LOS ANGELES -- It's only been six games, so the jury is still out on Mike D'Antoni's ultimate impact. But give the coach credit for this if nothing else: His system has transformed the Los Angeles Lakers' bench from a bunch of sorry substitutes to the Jodie & Jamison Show.
Antawn Jamison scored a game-high 33 points and Jodie Meeks scored 21 on 7-for-8 shooting from 3-point land as the reserve duo nearly matched the 56 points scored by the Denver Nuggets' starting five in the Lakers' 122-103 win Friday.
The Lakers have been up-and-down as their 3-3 record suggests since D'Antoni took over, but it only has been up for Jamison (who's putting up 17.8 points in the last four games) and Meeks (who is 15-for-29 on 3-pointers since D'Antoni first assumed his seat on the sidelines).
"Me and him, we've been kind of like roommates here lately," Jamison said of his relationship with Meeks since joining the team as free agents this offseason. "We know we were brought here for a certain role, and we've been struggling together, as well."
They struggled for different reasons. Meeks simply was out of the rotation, parked on the pine. Jamison said he put pressure on himself to not only learn the offense that ex-coach Mike Brown was running but also wracked his brain to fit in among the pecking order of the Lakers' stars.
"I didn't think that was possible," Jamison said after the game.
With D'Antoni he's learning that a lot of things are possible, including him as a 36-year old on a veteran's minimum contract replacing Pau Gasol, who is four years his junior and makes 15 times as much money, in the starting lineup at some point.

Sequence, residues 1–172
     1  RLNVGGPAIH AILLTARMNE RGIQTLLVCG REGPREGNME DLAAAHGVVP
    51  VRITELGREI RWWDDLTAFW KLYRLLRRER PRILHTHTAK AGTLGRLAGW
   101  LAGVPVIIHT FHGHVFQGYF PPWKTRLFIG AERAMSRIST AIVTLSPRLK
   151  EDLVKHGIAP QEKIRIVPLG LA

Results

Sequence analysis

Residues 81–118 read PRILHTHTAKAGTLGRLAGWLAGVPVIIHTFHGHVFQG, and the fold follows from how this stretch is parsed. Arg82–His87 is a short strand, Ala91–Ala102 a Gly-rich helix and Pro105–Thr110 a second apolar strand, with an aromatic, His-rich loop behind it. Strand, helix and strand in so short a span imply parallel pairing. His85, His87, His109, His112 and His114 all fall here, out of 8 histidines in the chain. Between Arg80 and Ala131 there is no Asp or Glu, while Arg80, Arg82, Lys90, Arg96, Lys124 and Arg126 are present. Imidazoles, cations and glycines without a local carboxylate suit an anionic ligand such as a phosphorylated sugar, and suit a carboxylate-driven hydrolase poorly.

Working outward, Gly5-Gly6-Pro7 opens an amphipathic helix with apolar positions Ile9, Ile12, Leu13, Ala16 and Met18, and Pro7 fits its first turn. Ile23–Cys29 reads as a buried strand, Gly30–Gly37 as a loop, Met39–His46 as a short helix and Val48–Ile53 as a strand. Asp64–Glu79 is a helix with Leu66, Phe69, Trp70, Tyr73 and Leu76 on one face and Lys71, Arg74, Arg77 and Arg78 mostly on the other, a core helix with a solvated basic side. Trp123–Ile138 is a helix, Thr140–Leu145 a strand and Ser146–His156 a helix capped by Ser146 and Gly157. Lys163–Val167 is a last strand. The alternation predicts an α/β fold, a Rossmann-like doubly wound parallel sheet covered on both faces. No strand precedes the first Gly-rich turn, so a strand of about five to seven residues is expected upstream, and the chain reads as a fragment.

"I don't want to lose Pau, but at the same time we do have to spread the floor," D'Antoni said.
When asked directly if he was considering lineup changes, D'Antoni certainly didn't cement Gasol's position as a starter but didn't hint that any swap is imminent.
"Not yet," D'Antoni said. "We're way too early."
Said Gasol of Jamison and Meeks, the first pair of Lakers reserves to come off the bench to each score more than 20 points in a game since Bryant (25 points) and Nick Van Exel (20 points) did it in 1998: "They're in perfect spots to get their games at a high level."
He wasn't directly referring to Jamison's spot on the bench versus him starting. At least we don't think he was.
If D'Antoni doesn't start Jamison, there's always the chance he helps Jamison make a bid for another Sixth Man of the Year award, which he won in 2003-04 with Dallas.
"I'll ride him," D'Antoni said. "I'll probably have to kill him. But he can do it. He said he can do it, so we'll see."
Both Jamison and Meeks were immediate reclamation projects for D'Antoni as soon as he took over the team.
D'Antoni told Jamison he envisioned him taking over the role that Shawn Marion played for him in Phoenix and gave the forward four words to live by: "Don't think. Take shots."
When Jamison was asked what Meeks was doing right these days, he repeated D'Antoni's mantra: "He's not thinking. He's letting it ride. Like he told Kobe and all, 'You get out the way, I got this one.' That's what we need, especially guys coming off this bench. We need to set a tone and set an identity of what we're going to do."
For Meeks, who once scored 54 points in a college game at Kentucky, Friday represented him coming full circle already this season -- from a regular DNP collector to putting on one of his finest games as a pro.
"Pretty close," Meeks said when asked if it was the hottest he has ever been. "I had some big games in college, but not too many games when I only missed two shots."
With their recent performances, Jamison and Meeks are making the Lakers believe they didn't miss on two free-agent decisions.
"They could be two major parts that we need to keep developing and just give the space," D'Antoni said. "Let them go."
And watch them go off.
Dave McMenamin covers the Lakers for ESPNLosAngeles.com. Follow him on Twitter.